Wednesday, 19 December 2012
Although we share the mince-pie love, Master G and I approach them in different ways; I like mine warm (if the mincemeat even makes it out of the jar uneaten) whereas he enjoys rubbing the pie between his hands to extract the currants before plucking them out daintily (an amuse-bouche, if you will) and poking the lot in the general direction of his mouth. Either way, we all agree that a baby that smells of mincemeat at Christmas will be happily passed around from person to person. Better than smelling of something else.
George’s first mince pie was of the very highest calibre – made by the BSG’s mum just that morning and an hour off the cooling rack. As he crammed it in I asked his parents, casually, if he had a nut allergy. Thankfully not. The addition of a surprise almond either on top or inside each pie is magic, and the frangipane such a good foil to the rest of the pie that I am not sure there’s any going back for me; they are quite simply my favourite version yet. Ma BSG’s is a closely guarded secret recipe but I managed to cobble one together for you. Try them on Christmas Eve perhaps, with the radio up loud, just before you all settle down for The Snowman…
Happy Christmas all!
Frangipane pimped-up pies
The quantities below really depend on how you like your pies. I like mine with a crisp thin base, to contrast with their soft top. You can do them thicker, add more brandy/frangipane..whatever.
1 pack (750g) ready-rolled puff pastry
Large jar of good mincemeat
100g unsalted butter
100g caster sugar
100g ground almonds
20g plain flour
1 large egg
2 tbsp brandy
Handful of chopped dried cranberries
Zest of half an orange
Whole blanched almonds
Preheat oven to 180 degrees Celsius.
Grease two 12-hole tart tins (or if you happen to have a tin with smaller holes you can make – and eat - many more).
Roll out the pastry sheet very thinly and cut 24 rounds of pastry to line the tins with. Leave the pastry bases to rest in the tins in the fridge while you make the frangipane.
Beat the butter until soft. Beat in the sugar until pale and fluffy and then beat in the egg. Mix in the flour and ground almonds.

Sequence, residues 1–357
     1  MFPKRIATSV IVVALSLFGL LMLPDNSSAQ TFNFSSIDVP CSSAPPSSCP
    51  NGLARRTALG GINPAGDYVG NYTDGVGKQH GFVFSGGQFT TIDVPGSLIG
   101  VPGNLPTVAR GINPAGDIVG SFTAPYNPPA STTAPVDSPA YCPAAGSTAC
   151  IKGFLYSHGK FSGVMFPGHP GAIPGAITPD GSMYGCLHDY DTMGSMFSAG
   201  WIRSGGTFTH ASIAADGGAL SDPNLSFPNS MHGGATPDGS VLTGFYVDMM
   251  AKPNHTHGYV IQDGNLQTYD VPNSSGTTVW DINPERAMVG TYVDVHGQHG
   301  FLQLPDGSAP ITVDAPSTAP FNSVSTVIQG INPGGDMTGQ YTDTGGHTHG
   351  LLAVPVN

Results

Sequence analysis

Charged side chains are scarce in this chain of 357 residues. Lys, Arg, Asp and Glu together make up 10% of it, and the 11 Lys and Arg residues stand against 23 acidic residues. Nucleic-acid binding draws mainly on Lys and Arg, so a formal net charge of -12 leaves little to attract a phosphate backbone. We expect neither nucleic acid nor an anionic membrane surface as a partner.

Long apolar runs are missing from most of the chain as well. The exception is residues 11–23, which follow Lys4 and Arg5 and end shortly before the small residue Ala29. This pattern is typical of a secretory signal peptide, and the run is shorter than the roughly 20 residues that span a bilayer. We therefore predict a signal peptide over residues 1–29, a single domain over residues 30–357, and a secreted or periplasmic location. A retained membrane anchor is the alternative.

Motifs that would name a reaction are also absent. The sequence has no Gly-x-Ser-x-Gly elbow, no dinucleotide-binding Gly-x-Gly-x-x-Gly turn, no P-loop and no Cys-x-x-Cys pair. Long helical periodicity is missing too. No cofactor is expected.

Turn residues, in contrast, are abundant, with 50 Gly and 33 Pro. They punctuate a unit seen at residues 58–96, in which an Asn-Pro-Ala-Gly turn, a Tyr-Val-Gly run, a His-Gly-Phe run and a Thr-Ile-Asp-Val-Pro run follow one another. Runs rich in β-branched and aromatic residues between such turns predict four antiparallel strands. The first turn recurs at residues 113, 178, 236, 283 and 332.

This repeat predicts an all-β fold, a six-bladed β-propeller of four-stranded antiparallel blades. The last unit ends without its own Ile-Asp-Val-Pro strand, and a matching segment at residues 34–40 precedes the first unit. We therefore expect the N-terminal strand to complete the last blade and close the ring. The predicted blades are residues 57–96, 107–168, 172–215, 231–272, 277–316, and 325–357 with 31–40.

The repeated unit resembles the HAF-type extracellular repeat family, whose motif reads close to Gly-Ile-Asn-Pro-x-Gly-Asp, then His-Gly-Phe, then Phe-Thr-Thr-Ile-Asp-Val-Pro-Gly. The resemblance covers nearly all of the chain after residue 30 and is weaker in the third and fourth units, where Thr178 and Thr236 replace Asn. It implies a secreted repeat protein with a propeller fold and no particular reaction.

Mix the brandy, chopped cranberries and orange zest with the mincemeat in a bowl. Half fill the pastry cases with mincemeat and then spoon a heaped teaspoon of frangipane over the top over each one. Smooth it over and press in an almond.
Bake for about 20 – 25 mins until golden brown.
Try not to eat the lot before they cool down. And leave a couple for Father Christmas….
Friday, 7 December 2012
I sat damp November out, ignoring the premature strains of The Pogues and tried not to get too overexcited by the red cups at Starbucks as I waited for December and its promise of legitimate Advent thrills. I am now daydreaming of sprouts, bread sauce and mince pies, happy in the tangerine promise of Christmas to come.
A timely foodstuff has floated into my day-dreamy place: a Swiss biscuit called Leckerli. These little Christmas helpers are sure to see me through Advent. A friend recently proffered these in the office, in a crisp white paper bag all the way from Basel, Switzerland, where they are a speciality.
Immediately hooked, I scoured the Internet and have located a recipe from Stephen Jackson, correspondent at the Huddersfield Examiner. Writing about these spicy treats, he strikes just the right note, having been familiar with them from childhood. I wish I had been too – I will be making up for those lost Christmases.
Here is the link to his recipe. The mixture came out a bit dry so I used the clods that looked mixed and pressed them into a tin… though I did use the wrong sugar so perhaps that was the problem. Not entirely sure what to do with the almonds, I added them in with the flour, but again, perhaps there’s a bit too much dry stuff here to make it work. I didn’t have Kirsch so I used brandy in the mix, which was pretty good too and I left off the glaze for fear of losing all my teeth.
There was doubt as the sawdust-like dough went into the oven but when the biscuit emerged it was (and still is) dense and chewy, and tastes of Christmas, if rather ugly (as if Father Christmas sat on a packet of mince pies). If you want neat squares, cut the slab while it’s still warm or face a losing battle; you could build houses with this stuff. Or just break it up.
I will try this recipe again, and perhaps another one translated from the many US versions around, just to make sure I’m on the right snowy track… See this as phase 1.